This bilingual reality captures the vibrancy of Kamoke, where modernity and tradition coexist to create a distinct way of life.


school in kamoke

A wide variety of educational opportunities are available in Kamoke, such as government schools such as colleges for both genders, an institute of commerce, and a vocational training centre just for girls. Several private colleges address various needs, including United College, Webster College, and The Educators.

Institutions such as The Foster School System, The Sheraz Pilot School, NSFHS (New Science Foundation High School), and The Muslim Model Girls High School offer primary and secondary education.


Kamoke: A Historic Town Thriving in Punjab

With more than 264,000 inhabitants, the Pakistani municipality of Kamoke is a hive of activity. It is the administrative hub of Kamoke Tehsil, a Gujranwala District subdivision. Conveniently situated across the Grand Trunk Road, Kamoke is only 21 kilometers from Gujranwala and 44 kilometers from the energetic metropolis of Lahore.

Kamoke’s story begins during the Mughal era, under the reign of the illustrious emperor Akbar the Great. Since its founding, the town’s population has grown steadily. The city’s administrative importance in the region was solidified in 1992 when it was declared the tehsil headquarters, thanks to the leadership of MPA Ch. Abdul Wakeel Khan.


From Mughal Splendor to Modern Pakistan

The Mughal Empire’s vast territory, which encompassed the Indian subcontinent from the 16th to 18th centuries, embraced Kamoke. This rich historical period forms the backdrop for Kamoke’s story. The Mughals left an indelible mark on Punjab’s architectural style and cultural identity, and Kamoke was no exception.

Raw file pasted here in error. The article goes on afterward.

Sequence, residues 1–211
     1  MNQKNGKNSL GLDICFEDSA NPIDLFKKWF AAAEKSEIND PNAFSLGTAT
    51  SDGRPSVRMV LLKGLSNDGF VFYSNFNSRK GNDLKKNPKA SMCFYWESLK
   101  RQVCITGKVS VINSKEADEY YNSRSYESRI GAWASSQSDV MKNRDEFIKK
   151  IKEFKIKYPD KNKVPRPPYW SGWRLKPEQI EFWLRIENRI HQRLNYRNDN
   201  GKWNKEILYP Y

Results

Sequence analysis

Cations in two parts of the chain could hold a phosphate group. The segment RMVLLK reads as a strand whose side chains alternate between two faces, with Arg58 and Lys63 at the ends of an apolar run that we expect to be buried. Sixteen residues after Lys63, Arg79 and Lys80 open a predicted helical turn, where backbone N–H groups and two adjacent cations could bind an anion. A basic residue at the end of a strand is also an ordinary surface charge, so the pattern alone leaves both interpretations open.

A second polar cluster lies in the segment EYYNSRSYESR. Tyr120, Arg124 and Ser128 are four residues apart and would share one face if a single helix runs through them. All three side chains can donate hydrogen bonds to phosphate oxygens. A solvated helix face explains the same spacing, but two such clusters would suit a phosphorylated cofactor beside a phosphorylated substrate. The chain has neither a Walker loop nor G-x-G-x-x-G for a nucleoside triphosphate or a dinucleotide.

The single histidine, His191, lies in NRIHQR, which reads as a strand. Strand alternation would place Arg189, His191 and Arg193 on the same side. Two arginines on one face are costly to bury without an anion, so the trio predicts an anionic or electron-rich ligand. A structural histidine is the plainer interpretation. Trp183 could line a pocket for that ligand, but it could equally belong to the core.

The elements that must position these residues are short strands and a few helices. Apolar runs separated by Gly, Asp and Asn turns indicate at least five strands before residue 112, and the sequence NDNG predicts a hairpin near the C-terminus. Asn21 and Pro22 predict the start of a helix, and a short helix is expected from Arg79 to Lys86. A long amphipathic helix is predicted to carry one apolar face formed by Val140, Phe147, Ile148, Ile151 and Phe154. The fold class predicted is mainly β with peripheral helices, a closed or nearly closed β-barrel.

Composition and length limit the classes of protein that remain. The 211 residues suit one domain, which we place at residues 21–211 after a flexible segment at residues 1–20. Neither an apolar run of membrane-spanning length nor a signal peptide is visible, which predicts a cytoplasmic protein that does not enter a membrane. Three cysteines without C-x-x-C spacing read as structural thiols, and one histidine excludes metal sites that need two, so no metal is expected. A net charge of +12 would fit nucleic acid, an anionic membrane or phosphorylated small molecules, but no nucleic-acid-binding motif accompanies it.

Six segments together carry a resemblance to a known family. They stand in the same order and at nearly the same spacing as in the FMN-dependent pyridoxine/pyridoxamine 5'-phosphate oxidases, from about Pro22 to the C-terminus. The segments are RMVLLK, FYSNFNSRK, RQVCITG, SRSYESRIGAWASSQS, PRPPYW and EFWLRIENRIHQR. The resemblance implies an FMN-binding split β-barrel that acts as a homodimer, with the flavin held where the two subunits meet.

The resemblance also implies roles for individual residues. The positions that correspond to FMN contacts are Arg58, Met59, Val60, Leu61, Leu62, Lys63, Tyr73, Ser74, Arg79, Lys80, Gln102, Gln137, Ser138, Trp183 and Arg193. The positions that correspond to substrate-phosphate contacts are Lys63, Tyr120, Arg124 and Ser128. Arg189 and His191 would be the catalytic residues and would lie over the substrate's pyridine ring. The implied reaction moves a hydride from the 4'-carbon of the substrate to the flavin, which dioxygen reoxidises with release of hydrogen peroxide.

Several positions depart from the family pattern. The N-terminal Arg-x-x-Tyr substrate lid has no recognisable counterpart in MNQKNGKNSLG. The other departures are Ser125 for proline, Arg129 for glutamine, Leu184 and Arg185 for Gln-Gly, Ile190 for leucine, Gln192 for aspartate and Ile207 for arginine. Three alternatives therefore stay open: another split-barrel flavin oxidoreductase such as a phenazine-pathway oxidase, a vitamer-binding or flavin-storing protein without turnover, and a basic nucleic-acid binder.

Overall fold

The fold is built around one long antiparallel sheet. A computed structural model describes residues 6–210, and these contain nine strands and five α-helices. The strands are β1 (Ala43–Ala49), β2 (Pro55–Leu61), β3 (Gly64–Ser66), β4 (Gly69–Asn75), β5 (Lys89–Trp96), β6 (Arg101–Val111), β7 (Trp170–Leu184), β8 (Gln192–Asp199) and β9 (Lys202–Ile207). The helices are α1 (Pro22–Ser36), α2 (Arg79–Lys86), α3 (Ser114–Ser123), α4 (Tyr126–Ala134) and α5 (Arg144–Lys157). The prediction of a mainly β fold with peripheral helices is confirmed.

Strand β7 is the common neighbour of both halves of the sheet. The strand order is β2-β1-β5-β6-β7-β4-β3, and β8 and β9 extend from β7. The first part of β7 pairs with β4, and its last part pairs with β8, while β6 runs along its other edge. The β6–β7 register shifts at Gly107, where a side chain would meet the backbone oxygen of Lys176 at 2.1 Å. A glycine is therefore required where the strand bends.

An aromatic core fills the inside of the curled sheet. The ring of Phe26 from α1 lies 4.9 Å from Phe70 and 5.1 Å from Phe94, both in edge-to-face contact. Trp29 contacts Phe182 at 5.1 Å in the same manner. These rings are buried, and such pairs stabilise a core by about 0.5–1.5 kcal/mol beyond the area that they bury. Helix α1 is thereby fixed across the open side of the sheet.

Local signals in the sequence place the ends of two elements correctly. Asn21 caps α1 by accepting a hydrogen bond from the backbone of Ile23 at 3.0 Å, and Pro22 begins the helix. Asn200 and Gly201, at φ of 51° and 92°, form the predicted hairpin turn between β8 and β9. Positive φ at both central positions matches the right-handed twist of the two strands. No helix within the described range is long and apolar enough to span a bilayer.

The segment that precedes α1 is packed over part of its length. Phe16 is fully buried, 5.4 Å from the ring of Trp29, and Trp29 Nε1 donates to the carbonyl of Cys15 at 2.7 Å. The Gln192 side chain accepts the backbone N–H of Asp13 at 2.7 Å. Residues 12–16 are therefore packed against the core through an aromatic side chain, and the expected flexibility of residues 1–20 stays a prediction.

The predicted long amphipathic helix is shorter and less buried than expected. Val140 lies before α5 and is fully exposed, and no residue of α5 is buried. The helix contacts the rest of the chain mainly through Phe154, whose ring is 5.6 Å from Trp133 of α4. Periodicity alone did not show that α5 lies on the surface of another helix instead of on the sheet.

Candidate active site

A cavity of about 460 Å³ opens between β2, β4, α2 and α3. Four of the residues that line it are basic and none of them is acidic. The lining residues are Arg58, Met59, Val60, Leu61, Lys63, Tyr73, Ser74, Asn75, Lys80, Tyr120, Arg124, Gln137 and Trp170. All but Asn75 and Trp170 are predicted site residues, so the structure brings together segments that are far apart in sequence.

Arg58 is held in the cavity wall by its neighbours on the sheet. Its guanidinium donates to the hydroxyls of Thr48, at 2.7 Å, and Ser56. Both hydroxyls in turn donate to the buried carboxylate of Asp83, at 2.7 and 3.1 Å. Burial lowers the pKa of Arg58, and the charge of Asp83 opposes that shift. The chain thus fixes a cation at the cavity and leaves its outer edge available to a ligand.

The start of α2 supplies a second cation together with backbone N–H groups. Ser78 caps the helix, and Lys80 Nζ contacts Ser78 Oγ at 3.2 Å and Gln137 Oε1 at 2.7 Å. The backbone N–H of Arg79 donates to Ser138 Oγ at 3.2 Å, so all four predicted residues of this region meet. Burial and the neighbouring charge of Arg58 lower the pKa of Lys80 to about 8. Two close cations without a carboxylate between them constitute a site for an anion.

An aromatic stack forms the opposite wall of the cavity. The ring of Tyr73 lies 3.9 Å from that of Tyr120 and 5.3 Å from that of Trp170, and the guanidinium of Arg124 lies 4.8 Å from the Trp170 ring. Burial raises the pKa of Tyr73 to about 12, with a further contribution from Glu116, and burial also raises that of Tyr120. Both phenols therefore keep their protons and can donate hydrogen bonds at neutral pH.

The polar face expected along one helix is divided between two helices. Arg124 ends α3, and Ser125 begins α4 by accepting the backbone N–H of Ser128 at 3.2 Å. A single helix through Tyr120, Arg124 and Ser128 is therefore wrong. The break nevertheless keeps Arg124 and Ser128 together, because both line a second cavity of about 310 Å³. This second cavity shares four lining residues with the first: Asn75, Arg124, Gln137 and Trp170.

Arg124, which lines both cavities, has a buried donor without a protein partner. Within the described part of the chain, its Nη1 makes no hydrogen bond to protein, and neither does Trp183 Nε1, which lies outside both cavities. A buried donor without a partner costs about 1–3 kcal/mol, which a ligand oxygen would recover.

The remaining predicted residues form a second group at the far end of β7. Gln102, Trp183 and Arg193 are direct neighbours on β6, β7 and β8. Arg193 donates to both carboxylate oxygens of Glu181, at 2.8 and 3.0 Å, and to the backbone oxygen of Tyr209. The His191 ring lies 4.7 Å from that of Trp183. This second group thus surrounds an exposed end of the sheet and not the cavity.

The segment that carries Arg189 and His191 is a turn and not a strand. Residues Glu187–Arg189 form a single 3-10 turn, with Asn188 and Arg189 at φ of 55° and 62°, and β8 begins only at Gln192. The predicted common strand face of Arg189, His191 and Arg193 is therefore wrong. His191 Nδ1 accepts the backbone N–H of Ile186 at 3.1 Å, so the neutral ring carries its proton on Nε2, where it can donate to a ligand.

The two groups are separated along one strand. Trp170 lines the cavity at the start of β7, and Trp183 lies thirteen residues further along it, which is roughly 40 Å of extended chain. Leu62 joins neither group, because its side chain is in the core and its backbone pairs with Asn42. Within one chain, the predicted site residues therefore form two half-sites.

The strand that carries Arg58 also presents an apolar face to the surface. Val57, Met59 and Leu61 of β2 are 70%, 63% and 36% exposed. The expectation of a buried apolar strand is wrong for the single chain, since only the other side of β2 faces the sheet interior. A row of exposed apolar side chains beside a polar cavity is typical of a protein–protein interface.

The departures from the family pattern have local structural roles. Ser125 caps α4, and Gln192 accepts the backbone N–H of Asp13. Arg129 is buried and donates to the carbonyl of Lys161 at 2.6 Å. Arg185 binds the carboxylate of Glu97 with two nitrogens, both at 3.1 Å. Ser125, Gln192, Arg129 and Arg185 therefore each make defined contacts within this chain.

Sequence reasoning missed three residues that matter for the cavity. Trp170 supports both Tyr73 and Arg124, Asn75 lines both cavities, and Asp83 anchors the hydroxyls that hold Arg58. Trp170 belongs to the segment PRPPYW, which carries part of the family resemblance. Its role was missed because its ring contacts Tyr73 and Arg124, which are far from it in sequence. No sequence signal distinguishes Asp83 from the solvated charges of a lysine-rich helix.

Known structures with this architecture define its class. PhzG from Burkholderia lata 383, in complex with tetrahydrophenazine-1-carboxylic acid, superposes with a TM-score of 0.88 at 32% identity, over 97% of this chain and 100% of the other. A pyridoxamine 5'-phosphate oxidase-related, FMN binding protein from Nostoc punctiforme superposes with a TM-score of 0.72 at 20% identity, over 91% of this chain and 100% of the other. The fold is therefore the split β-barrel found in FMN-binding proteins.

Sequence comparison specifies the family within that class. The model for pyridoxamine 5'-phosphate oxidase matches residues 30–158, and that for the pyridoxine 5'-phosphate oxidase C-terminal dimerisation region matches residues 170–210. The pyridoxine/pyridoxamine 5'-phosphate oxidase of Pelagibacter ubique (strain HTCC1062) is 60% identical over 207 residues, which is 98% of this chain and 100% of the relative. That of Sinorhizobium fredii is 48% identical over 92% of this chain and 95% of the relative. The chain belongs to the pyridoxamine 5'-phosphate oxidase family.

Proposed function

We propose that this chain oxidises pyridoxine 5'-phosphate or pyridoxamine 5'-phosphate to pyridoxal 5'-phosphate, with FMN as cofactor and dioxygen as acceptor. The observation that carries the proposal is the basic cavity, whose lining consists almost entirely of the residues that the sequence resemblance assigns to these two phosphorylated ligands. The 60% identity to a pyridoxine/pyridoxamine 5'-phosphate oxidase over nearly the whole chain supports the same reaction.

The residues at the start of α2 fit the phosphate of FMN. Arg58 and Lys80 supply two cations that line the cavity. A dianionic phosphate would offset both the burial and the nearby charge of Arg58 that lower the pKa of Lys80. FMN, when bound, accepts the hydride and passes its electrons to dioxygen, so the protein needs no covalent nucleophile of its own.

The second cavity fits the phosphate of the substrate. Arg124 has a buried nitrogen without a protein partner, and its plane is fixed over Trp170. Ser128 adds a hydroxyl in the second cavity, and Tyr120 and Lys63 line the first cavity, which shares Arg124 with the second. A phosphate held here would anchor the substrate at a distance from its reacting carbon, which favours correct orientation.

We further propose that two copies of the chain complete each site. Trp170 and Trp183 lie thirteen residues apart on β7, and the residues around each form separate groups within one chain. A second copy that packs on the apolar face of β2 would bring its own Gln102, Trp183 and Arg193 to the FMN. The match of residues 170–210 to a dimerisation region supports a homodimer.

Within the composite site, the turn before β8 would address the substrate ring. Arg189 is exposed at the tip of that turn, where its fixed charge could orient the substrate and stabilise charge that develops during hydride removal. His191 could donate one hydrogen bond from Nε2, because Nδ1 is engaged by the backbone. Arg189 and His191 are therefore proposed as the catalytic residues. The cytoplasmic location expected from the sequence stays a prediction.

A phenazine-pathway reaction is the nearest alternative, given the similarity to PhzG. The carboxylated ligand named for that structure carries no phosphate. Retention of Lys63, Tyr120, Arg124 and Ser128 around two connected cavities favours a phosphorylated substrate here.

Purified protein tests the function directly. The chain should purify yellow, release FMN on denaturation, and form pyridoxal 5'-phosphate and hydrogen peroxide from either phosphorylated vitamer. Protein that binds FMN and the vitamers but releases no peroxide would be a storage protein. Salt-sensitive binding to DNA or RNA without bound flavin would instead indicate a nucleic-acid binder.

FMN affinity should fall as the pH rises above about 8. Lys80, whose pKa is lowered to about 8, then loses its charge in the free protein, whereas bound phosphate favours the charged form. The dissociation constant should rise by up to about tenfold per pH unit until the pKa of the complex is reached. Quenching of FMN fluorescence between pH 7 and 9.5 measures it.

But gradually, the Mughal era ended, and Punjab came under British colonial administration in the 19th century. The British established new towns and invested in infrastructure construction, changing the administrative environment. Undoubtedly, Kamoke and the neighboring areas were touched by these developments.

The division of British India in 1947 marked a turning point. Like many other towns and cities in Punjab, Kamoke was profoundly affected by this historical event. Pakistan was established due to the split, and Kamoke was well-positioned inside the new country.

Kamoke’s Modern Transformation: A City Forging Its Future

Like many other Pakistani cities, Kamoke experienced a new beginning with the country’s independence in 1947. Driven by the prospect of a more promising future, Kamoke experienced a swift urbanisation. The attraction of more prospects drew people from rural areas into the city. This demographic inflow greatly aided the growth of Kamoke.

In the last few decades, karaoke has flourished in several industries. By offering necessities, the city hopes to improve its citizens’ living standards.

The city’s recorded and lived history has influenced its current state. Kamoke embraces a vibrant future while holding onto the remnants of its history as it continues to change.


A Tapestry of Culture in Kamoke


Punjab Culture day celebrations

This city has a thriving cultural scene that is a reflection of the diversity of its people.

Punjabi Roots

Punjabi is the most common language in the city. This is also reflected in the traditional clothing of men in kurta pajamas and women in shalwar kameez and dupatta.

Gourmet Treats

The cuisine of this city entices the senses with its distinct blend of spices and flavours. Kebabs, nihari, and biryani are just a few delectable dishes native to the area.



Islam is the most common religion in the city, as seen by the large number of mosques and other places of worship.


Following are some of the top FAQs.

Q: What’s the city famous for?

A: Rice! It’s the “City of Rice” with the largest market in South Asia.

Q: What is the location of city?

A: It is in Punjab, Pakistan, near Lahore (44 km) and Gujranwala (21 km).

Q: What language do they speak?

A: Punjabi is the primary language, but Urdu and English are also prevalent.

Q: What’s the food scene like?

A: Spicy and flavorful! Think biryani, nihari, and kebabs.

Q: What can you do in the city?

A: Visit the Ghalla Mandi rice market, try the food, explore the culture, and enjoy festivals!

This was all about Kamoke. For more information, visit Graana.com.